Results of the survey on the new collective bargaining agreement for the insurance sector

Via a survey posted on its website from 6 June to 6 July this year, ALEBA sought the views of representatives and employees in the insurance sector regarding the new collective bargaining agreement, negotiations for which are likely to begin at the end of the year. ALEBA wishes to thank all those who took the time to send us their opinions and complaints, but above all for sharing with us their new, constructive ideas for inclusion in the new agreement.

Among the most frequently mentioned points is undoubtedly the desire for the “conjunctural bonus” – commonly known as the June bonus – to be retained and increased. In second place among the requests was a substantial linear increase in salaries and an annual bonus in view of the excellent results posted by companies in the sector. These results come despite an increase in the wage burden in recent years due to the hiring of highly qualified individuals in order to meet the legal requirements of the supervisory authorities (Solvency II, anti-money laundering, etc.).

In third place, we received a large number of requests about the social side and work-life balance, in particular leave days, access to part-time work and protection from stress as well as workplace harassment with a view to mitigating the daily increase in workload.

An increase in the number of days’ leave for children who are sick (“family leave”) was requested in several instances. Given that a draft law with the same objective is under discussion, ALEBA will not be addressing this request in its package of demands but will nevertheless seek to ensure that the draft law meets employees’ expectations.

The survey also shows strong demand for a reduction in working hours towards the end of the career for employees of a certain age. ALEBA intends to reflect on this proposal and how to implement it.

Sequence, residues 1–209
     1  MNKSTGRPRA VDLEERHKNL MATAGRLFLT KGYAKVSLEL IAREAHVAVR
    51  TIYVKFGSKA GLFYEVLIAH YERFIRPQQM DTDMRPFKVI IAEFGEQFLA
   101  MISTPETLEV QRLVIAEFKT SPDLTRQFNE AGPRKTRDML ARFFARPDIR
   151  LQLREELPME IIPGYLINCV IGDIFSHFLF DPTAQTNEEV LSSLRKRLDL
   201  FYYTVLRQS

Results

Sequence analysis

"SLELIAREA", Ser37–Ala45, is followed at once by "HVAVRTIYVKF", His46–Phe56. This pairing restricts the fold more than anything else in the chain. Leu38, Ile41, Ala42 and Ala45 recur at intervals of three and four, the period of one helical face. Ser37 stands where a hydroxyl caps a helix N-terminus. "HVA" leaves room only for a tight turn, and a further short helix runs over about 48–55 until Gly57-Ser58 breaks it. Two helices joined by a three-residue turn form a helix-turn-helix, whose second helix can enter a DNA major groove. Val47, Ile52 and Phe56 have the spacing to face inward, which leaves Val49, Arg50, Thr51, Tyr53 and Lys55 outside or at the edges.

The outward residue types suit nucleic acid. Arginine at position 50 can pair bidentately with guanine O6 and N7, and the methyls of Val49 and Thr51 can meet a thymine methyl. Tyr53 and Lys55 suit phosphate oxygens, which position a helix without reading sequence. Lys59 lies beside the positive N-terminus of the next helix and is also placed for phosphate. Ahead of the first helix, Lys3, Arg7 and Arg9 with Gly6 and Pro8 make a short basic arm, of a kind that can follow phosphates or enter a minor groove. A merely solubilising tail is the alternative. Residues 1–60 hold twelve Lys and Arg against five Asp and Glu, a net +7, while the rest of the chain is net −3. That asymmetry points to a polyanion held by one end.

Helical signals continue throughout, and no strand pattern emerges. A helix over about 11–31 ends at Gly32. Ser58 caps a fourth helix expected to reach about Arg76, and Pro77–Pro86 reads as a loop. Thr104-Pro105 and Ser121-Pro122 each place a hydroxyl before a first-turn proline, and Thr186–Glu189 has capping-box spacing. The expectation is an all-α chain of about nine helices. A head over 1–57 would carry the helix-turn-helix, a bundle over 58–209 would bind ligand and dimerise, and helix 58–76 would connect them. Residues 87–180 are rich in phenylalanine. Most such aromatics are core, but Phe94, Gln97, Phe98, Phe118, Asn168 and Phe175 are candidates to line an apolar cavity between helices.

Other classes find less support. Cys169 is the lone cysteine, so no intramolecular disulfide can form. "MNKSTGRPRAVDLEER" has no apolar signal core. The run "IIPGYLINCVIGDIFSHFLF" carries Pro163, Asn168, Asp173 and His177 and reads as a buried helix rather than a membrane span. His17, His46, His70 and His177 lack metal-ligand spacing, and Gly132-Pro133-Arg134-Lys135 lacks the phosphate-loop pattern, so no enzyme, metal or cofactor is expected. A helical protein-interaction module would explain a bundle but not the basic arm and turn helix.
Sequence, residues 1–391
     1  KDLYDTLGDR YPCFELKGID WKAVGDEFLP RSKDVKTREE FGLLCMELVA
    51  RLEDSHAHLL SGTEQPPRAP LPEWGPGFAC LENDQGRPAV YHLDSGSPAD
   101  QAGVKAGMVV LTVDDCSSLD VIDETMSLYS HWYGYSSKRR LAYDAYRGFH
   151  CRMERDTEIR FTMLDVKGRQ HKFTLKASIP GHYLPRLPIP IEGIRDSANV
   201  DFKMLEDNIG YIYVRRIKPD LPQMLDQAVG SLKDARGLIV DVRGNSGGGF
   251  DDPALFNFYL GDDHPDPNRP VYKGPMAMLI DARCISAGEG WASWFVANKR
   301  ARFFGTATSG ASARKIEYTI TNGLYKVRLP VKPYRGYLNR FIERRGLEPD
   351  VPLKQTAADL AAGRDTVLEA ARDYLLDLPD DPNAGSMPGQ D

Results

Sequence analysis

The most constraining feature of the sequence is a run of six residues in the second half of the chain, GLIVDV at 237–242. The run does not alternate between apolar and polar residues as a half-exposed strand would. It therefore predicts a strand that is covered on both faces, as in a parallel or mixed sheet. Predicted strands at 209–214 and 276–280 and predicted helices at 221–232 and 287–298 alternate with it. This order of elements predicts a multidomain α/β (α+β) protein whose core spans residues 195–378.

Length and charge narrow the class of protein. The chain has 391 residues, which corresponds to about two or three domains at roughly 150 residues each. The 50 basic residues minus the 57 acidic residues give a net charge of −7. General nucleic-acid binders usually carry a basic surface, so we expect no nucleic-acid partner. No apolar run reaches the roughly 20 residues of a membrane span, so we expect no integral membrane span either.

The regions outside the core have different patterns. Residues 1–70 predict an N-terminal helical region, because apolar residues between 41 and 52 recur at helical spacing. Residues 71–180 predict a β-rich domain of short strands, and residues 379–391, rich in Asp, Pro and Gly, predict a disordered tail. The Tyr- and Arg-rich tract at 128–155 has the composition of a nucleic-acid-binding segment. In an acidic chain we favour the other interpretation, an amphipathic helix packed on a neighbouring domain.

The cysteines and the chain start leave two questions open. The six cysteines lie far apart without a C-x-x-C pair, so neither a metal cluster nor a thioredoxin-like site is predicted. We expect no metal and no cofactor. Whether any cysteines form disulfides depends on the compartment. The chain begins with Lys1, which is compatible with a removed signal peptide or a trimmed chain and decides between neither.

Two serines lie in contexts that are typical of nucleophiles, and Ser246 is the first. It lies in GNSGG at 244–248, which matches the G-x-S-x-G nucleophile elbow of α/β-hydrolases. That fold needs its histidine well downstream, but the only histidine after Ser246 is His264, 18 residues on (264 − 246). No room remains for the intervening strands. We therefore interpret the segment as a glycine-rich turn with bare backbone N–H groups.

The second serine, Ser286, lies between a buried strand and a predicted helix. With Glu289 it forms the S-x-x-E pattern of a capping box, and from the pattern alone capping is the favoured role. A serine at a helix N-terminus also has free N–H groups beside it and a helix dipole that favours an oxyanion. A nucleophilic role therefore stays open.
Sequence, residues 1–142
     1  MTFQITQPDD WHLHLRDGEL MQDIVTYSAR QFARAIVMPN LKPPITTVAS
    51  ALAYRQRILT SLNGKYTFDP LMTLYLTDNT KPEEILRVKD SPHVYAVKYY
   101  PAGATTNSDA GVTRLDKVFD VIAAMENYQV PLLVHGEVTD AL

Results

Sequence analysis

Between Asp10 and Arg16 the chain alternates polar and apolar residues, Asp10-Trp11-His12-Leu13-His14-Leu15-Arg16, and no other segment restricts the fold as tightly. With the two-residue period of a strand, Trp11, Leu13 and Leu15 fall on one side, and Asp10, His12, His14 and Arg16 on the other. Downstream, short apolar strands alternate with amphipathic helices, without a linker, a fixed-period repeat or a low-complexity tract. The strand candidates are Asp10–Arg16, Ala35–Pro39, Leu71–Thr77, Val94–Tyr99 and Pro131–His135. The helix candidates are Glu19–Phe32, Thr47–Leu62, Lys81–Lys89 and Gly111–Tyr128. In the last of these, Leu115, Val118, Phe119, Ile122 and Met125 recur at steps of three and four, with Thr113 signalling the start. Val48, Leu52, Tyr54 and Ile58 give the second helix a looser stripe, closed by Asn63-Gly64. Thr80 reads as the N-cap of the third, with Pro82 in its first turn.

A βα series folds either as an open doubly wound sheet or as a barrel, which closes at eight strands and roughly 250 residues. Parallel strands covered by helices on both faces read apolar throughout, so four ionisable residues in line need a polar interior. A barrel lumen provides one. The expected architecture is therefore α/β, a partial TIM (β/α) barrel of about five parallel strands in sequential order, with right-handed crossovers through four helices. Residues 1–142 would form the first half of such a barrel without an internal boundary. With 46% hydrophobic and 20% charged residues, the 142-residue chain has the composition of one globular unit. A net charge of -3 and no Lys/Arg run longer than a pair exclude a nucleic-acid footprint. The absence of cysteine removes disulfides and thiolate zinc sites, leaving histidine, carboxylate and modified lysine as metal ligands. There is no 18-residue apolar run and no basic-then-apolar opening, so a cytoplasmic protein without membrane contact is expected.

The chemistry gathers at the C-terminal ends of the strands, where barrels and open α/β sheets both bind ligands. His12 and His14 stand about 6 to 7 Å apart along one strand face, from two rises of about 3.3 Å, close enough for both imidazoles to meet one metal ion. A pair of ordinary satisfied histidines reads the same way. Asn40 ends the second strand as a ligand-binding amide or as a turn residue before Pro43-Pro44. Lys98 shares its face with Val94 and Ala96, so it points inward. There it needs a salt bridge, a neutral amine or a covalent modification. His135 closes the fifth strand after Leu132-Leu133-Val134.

A more flexible adjustment of working hours features more frequently than the demand for an increase in teleworking. ALEBA will examine these two elements in greater detail and will also produce concrete, constructive proposals; these will reflect the fact that greater flexibility in working hours and teleworking can obviously contribute to employees’ well-being and at the same time is an unavoidable social change in the context of work-life balance. Certain constraints will nevertheless need to be taken into account (tax, for example, in the case of teleworking).

Some respondents submitted a very interesting new idea: the option of purchasing days of leave, which would be deducted from the 13th month, for example. Lots to think about, in other words!

In conclusion, the results of the survey show that employees wish to maintain at least their current benefits; the new collective bargaining agreement must be adapted to new working methods and must limit exploitative behaviour by employers in several areas like additional hours and excessive hiring of interns or students.


Jean-Marie (Jim) SCHNEIDER

Vice-President and Spokesman of the Insurance sector